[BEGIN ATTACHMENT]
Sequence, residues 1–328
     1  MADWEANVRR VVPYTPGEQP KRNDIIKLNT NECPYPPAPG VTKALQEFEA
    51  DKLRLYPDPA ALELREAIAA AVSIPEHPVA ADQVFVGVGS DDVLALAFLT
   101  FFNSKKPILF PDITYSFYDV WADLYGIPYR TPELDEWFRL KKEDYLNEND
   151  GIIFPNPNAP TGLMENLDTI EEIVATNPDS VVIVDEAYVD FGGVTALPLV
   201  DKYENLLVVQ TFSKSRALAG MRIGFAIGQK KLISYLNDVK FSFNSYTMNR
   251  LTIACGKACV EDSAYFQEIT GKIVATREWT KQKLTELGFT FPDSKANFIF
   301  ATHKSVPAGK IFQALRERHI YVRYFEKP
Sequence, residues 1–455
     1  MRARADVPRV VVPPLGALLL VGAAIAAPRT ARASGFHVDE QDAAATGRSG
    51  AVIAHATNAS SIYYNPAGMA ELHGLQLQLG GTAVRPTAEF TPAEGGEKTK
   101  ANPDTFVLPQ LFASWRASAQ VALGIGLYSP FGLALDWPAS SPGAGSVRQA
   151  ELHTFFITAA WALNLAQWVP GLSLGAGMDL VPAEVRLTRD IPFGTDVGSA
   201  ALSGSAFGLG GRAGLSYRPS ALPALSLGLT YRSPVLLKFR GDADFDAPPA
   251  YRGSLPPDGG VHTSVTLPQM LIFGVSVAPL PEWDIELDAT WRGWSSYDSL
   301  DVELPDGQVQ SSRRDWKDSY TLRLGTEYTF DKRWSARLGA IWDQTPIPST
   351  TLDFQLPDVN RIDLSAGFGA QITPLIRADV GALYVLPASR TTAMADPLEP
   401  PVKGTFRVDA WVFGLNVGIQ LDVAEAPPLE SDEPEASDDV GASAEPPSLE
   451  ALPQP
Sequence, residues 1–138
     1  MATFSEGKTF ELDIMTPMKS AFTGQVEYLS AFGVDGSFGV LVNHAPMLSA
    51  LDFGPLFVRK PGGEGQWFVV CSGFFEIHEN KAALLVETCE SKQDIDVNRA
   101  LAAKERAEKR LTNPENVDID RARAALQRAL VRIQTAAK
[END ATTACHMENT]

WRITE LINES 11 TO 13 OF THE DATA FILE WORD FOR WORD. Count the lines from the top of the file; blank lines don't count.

    51  AVIAHATNAS SIYYNPAGMA ELHGLQLQLG GTAVRPTAEF TPAEGGEKTK
   101  ANPDTFVLPQ LFASWRASAQ VALGIGLYSP FGLALDWPAS SPGAGSVRQA
   151  ELHTFFITAA WALNLAQWVP GLSLGAGMDL VPAEVRLTRD IPFGTDVGSA